With more than nine tenths of driving deaths linked to human error, the coming wave of autonomous vehicles could potentially save many lives, as well as slashing congestion and pollution levels. An ESA-backed project in the UK borrowed a key operating concept from aviation to bring the safety of driverless cars closer to that of flying – statistically the safest form of transport.
The 12-month project involved combining satellite navigation with other navigation techniques, including inertial measurements, radio links, cameras and ‘laser radar’ lidar, to safely guide a pair of test vehicles with sub-metre precision. Simulation testing progressed to driving around a test range and eventually a public motorway, under controlled test conditions.
Automated safety first
“Mass adoption of driverless vehicles will require public confidence that they are safe,” says Rajesh Tiwari of Nottingham Scientific Ltd, technical lead of the Integrity Monitoring and Prediction Concept and Prototype for Fully Autonomous Vehicle Resilience and Safety project, IMPACARS.
“But achieving this is not easy. Take Google’s autonomous vehicles as an example, which have so far autonomously travelled more than 1.5 million miles, with an impressive testing rate of 250 000 test miles per year. A purely experimental, complete proof that autonomous vehicles match the level of safety of human driving would take about 400 years at Google’s current testing rate.
“As an alternative to such experimental proof, IMPACARS takes the statistics-based idea of ‘integrity’ from aviation, where its application has allowed aircraft to make safe use of satellite navigation, including take-off and landing.”
Steering aircraft by satellite
In recent years aircraft have been making use of satellite-based augmentation systems (SBAS) such as the US WAAS and European EGNOS that sharpen the accuracy of satellite navigation.
These SBAS systems are systematically taking over from costly ground-based guidance infrastructure . But while such ground-based systems provide a fixed level of accuracy, satnav incorporates a level of error that varies over time – influenced for instance by atmospheric distortion, drift in satellite atomic clocks or their orbital position.
To take account of this, SBAS systems operate on the basis of integrity, meaning the user gets regularly updated information on how much to trust the position provided by the satellite navigation receiver, based on a probability-based calculation of the maximum possible deviation from the user’s true position.
Imagine the aircraft in question with horizontal and vertical circles around it, taking in all the permissible places it might be, known as its ‘protection levels’. Around these in turn are wider circles representing its ‘alert level’ – so called because when the combined uncertainty level reaches this threshold then an alarm is raised to the user. The aim is to provide full confidence in the navigation system, including the ability to detect when the system should not be used for navigation.
Hitting the road
“We adapted this approach to the highly dynamic road traffic environment, with constantly changing conditions and other road vehicles,” adds Rajesh.
“While it has been found that the absolute positioning provided by satellite navigation and SBAS systems are necessary for autonomous car navigation, they are not sufficient by themselves to reach the necessary level of precision, without harnessing other positioning data sources on a data fusion basis. There are also places where satnav is unavailable, and we wanted this system to be available and reliable all of the time.”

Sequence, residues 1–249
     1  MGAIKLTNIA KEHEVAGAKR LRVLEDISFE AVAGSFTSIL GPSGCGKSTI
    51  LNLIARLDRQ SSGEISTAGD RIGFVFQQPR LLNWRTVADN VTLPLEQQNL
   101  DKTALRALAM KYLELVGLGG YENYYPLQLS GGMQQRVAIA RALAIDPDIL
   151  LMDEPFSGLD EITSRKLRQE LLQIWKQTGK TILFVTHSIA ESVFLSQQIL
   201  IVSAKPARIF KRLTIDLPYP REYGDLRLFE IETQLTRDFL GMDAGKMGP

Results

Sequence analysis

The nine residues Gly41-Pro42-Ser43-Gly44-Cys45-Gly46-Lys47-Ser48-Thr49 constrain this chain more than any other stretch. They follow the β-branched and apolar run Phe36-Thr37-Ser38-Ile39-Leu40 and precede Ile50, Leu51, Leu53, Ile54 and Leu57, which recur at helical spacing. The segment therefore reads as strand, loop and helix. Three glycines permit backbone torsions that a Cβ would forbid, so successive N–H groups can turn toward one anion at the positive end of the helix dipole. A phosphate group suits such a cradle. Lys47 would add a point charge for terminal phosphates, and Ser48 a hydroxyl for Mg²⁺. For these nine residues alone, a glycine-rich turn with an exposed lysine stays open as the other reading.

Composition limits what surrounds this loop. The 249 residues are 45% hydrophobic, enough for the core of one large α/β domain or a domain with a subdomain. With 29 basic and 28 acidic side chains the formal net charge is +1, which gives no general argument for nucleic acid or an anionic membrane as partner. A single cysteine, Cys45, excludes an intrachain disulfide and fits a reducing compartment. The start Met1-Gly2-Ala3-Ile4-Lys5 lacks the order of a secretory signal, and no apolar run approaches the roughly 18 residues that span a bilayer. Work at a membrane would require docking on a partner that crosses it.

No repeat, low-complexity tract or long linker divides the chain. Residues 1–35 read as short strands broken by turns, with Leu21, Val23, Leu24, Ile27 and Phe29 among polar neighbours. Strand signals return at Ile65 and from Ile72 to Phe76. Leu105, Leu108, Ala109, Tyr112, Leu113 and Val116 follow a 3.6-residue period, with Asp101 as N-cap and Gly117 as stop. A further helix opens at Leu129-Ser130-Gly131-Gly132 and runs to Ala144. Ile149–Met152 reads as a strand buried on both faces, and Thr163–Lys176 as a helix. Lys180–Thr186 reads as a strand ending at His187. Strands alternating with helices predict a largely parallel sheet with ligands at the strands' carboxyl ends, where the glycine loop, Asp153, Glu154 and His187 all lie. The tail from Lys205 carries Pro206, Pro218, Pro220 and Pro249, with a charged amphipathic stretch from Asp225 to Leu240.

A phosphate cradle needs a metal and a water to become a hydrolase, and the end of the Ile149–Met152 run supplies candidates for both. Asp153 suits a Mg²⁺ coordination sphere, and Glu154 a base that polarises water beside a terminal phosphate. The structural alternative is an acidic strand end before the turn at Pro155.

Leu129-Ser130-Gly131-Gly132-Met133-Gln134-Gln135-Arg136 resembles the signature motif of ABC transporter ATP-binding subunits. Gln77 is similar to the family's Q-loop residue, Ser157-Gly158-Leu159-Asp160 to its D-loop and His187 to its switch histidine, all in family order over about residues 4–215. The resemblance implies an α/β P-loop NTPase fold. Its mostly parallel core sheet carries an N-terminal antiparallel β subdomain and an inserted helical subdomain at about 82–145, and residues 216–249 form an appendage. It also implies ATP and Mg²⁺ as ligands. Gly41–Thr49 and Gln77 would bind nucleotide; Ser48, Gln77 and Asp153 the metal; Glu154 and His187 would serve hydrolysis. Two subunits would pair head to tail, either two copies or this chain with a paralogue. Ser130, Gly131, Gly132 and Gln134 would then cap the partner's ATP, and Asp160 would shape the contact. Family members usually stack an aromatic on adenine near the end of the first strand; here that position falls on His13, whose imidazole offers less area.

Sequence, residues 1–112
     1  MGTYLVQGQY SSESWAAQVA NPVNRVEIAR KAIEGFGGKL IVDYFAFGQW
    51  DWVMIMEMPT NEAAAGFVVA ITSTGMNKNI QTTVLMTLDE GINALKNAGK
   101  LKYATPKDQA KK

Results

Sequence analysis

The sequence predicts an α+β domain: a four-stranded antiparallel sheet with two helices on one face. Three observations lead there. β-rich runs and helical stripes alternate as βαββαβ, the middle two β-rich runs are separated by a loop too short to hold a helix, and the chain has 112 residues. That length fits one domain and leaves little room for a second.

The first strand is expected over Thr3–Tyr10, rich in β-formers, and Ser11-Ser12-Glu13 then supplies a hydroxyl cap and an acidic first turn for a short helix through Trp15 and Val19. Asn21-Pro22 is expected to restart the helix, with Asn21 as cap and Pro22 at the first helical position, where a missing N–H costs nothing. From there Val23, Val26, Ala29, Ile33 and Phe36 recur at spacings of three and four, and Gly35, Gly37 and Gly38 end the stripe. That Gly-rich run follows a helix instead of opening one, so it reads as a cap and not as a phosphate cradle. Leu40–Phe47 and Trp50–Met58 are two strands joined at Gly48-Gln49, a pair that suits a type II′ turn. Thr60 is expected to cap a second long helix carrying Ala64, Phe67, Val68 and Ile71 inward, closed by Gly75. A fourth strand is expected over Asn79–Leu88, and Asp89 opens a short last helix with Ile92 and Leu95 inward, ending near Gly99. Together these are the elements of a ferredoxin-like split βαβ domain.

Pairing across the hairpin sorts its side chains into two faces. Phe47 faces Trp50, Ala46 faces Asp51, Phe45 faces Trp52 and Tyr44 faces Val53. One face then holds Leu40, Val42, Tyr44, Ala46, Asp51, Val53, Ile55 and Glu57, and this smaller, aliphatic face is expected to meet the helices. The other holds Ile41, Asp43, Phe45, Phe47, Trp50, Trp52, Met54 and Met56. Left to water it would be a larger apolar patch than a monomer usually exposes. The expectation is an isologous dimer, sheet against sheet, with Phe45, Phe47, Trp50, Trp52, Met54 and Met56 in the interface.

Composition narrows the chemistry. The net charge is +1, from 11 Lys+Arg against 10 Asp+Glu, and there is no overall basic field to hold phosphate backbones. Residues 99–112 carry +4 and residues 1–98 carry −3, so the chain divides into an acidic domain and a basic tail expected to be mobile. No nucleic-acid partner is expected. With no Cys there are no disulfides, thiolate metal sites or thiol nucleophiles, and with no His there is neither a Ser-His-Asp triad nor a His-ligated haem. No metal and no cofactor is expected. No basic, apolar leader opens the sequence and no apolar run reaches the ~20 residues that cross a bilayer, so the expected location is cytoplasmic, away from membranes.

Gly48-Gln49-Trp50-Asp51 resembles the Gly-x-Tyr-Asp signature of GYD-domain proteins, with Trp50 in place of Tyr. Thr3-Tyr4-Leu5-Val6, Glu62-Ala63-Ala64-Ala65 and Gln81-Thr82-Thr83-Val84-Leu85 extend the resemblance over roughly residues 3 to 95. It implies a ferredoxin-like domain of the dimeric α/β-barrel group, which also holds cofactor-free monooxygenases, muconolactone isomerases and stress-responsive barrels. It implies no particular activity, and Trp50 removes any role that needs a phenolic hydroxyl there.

The horizontal protection level around the test car was also stretched out from a circle to an elongated ‘lozenge’ shape, taking account of the fact that forwards and backwards collisions pose a greater risk than sideways collisions. The lengths and widths of these protection levels are guided by the local speed limit, with the overall safety level guided by the study of UK and European accident probabilities, aiming to maintain safety 99.999% of the time.
A pair of specially-outfitted test vehicles were used on the Nuneaton-based test track of project partner Horiba Mira. These were able to collaboratively exchange key data between autonomous vehicles in real time – including position, velocity and condition – as well as exchanging data with smart road infrastructure, although the testing also covered driving with standard ‘dumb’ vehicles and roads as well. The test vehicles went on to graduate to motorway driving.
“We already anticipated satnav-denied locales around tall buildings or tunnels, but there were also a lot of unexpected brief outages, such as under bridges,” adds Rajesh. “The other sensors in combination can fill in here: the lidar provides 360 degree views up to 120 m away. While testing during rainfall the cameras had some problems but the lidar went on working fine – and could easily spot bicycles and pedestrians too.
“You might think the more sensors the better, but there is a practical limit, because all their data has to be put together, and that might lead to problems of latency, or delay. It’s all about identifying the best trade-off.”
IMPACARS, with the University of Nottingham and Horiba Mira, was set up through ESA’s Navigation Innovation and Support Programme (NAVISP), working with European industry and academia to develop innovative navigation technology.
“IMPACARS proceeded through NAVISP Element 1, focused on developing novel positioning concepts,” notes Rajesh. “Now the approach is proven we can look into taking it further, for instance into the maritime sector, or as the basis of a commercial prototype.”
“IMPACARS has introduced an innovative integrity concept for autonomous vehicles, taking the one used by civil aviation, then validated it through field trials,” says ESA navigation engineer Félix Torán, technical officer of the IMPACARS activity.